Laperouse

Located on the Quais des Augustins in the Latin Quarter, the ornately decorated Laperouse Restaurant has had colourful history. “The cook of kings and king of cooks” Auguste Escoffier was chef here once upon a time and the private first-floor salons have long been the site of romantic liaisons (underground galleries even linked the restaurant with the French Senate). You can still rent a salon or enjoy a view of the Seine from the upstairs dining room where you indulge in pricey classics like lobster soup, sole meuniere, and guinea fowl with truffles and chanterelles.

Laperouse restaurant was once a secret dining destination for Parisian senators and their mistresses.

Septime

For those after something utterly contemporary, do your darndest to get a reservation at Bertrand Grebaut’s edgy neo-bistro in the hipster 11th arrondisement. The décor is pared-back urban rustic, the staff and the clientele are achingly chic, and the degustation menu offers pure flavours from the finest sourced ingredients in France. This is farm-to-table with attitude and cooking finesse. You’ll also discover some wonderful natural wines from small producers.

Septime restaurant offers spectacular modern food along with a romantic atmosphere in Paris.

Other Romanic Parisian Diversions

Parks

The parks in Paris are for promenading hand in hand.

  • Walk the length of the Tuileries Garden, named for the roof-tile workshops that existed here before Queen Catherine de Medicis planted Italian gardens modelled after her native Florence. There are ponds, shady groves of trees and, at one end, Monet’s waterlilies at L’Orangerie and, at the other, all those luscious Italian masterpieces in the Louvre.
  • The Jardin du Luxembourg in the Sixth Arrondisement may be a children’s paradise with puppet theatre, Eiffel Tower climbing frame, and an old-fashioned carousel, but there are also quiet nooks with gorgeous sculptures and inviting green garden chairs beside exquisite flower beds.
  • The Palais Royal Gardens are tucked inside a rectangular square not far from the bustling Rue du Rivoli. With double rows of lime and chestnut trees framing fountains and flower gardens, gallery arcades shading boutiques and antique shops and a convivial café or two, this bucolic spot offers a calming respite.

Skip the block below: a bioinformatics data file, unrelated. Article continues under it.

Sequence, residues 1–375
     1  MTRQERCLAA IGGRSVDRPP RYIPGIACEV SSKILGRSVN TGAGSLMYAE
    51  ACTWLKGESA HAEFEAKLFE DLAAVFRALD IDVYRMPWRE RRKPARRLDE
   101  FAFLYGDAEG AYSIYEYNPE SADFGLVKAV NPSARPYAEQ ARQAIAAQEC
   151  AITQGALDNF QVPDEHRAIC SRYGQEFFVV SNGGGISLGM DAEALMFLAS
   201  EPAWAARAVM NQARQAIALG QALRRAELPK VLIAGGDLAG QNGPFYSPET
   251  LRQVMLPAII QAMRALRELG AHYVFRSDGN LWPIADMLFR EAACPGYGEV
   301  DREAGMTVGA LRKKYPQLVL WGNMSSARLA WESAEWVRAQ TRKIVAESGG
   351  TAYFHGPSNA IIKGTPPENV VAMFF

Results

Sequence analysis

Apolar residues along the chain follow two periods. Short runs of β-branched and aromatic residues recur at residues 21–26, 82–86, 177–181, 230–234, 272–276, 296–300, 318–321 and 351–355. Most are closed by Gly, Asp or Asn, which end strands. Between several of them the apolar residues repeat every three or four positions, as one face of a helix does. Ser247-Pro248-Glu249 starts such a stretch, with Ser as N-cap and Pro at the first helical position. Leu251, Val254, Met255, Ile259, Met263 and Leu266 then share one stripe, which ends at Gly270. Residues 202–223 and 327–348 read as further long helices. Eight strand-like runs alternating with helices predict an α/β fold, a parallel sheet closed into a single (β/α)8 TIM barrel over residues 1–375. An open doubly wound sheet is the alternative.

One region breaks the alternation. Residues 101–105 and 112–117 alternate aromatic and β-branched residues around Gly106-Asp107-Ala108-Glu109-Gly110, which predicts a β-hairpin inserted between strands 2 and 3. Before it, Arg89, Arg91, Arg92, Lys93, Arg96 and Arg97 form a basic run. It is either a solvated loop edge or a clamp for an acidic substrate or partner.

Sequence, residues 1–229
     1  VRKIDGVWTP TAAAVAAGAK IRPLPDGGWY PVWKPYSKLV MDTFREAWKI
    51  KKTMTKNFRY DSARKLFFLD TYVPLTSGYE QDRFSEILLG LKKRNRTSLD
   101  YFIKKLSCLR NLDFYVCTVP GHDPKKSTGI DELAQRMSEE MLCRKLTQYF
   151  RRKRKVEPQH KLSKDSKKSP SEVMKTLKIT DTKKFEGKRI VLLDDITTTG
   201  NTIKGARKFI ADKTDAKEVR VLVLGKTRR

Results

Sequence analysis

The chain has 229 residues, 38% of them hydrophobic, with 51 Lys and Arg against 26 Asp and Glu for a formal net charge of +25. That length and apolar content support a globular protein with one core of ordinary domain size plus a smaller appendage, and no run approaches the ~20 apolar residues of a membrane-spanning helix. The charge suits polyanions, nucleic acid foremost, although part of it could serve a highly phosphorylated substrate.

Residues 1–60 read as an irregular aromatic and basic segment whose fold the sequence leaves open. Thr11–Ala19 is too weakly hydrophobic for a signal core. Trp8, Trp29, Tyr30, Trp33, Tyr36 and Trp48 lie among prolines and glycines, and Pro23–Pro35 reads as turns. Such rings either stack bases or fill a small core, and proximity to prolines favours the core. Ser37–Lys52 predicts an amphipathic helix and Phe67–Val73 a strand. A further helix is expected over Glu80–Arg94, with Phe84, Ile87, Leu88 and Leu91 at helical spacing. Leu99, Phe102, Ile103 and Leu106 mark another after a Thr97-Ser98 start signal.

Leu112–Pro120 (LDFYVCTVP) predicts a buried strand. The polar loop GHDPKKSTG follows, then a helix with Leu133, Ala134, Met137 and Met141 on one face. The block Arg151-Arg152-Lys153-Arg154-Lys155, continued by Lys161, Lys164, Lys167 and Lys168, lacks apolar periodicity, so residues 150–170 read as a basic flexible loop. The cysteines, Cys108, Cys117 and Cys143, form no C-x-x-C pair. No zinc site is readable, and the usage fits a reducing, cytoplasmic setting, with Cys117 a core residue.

Bars

After promenading all day relax on the terrace of a romantic bar and watch the world go by. These three are all linked with remarkable cultural institutions. Avoid their over-priced food; stick to drinks and drink in the ambiance.

* Tucked under the arcades of the Louvre’s Richelieu wing, Café Marly offers dress-circle views of the inverted pyramid. Enjoy a Lillet with a dish of spiced olives.

* The terrace of the Mini Palais under the archways of the deliciously ornate Grand Palais. The cocktail list is wide ranging and the bar is open late seven days a week.

* Perched on the top of the Pompidou Centre and surrounded by floor-to-ceiling windows, Georges is the perfect place to watch the sun set across the mansard roofs of Paris as the   lights come up on the Eiffel Tower, Notre Dame and Sacre Coeur.

The Mini Palais offers all day bar and dining service in a romantic setting.

 

Bridges over the Seine

When Paris’ soft light bathes everything with a golden glow, there isn’t a more beautiful place to be than on one of the bridges over the Seine.

  • Avoid the pedestrian Pont des Arts with its tawdry love locks, and head to the Pont Neuf (New Bridge, which is actually the oldest bridge in Paris), linking the Louvre with the Left Bank. Soak up the views from its circular enclaves.
  •  Two other lovely old bridges are the Pont Marie, between the Isle St. Louis and the Hotel de Ville, and the Pont Royal, linking the Left-Bank Rue du Bac with the ornate Pavillon de Flore.
  • The elaborate Pont Alexandre III, connecting the Grand Palais with Les Invalides, has gilded statues and elaborate street lamps, and the Pont de la Tournelle, joining Isle St Louis to the Left Bank, holds a statue of Sainte Genevieve, the patron saint of Paris. Andwhile we’re talking about Isle St. Louis, take the stairs down to the quays below the streets for a romantic promenade by the Seine.

 

Museums

In addition to the Louvre and the Musee d’Orsay, here are three must-visit museums for romantics.

  • The Musee Rodin is located in the light-filled Left Bank mansion and grounds where the sculptor once lived. Wander in the gardens dotted with many of his most famous sculptures.
  • The Musee Marmottan is a tucked-away gem with the world’s largest collection of works by Monet, including Soleil Levant which gave its name to Impressionism.
  • The newly refurbished Musee Picasso (opening October 25), housed in one of the grandest 17th houses in Paris, is home to more than 5000 works by the master.

 

Sue Gough Henly

Sue Gough Henly is award-winning travel writer and photographer whose bi-line has appeared in The New York Times, Travel & Leisure, The Guardian, The Toronto Star and all the major Australian publications. Her travel blog, Genuine Journeys, is full of insider tips on the best places for authentic experiences and luxury splurges. She is also the author of Australia’s Best Places travel app. When she doesn’t have sand between her toes or a pack on her back, she writes about food, wine and culture.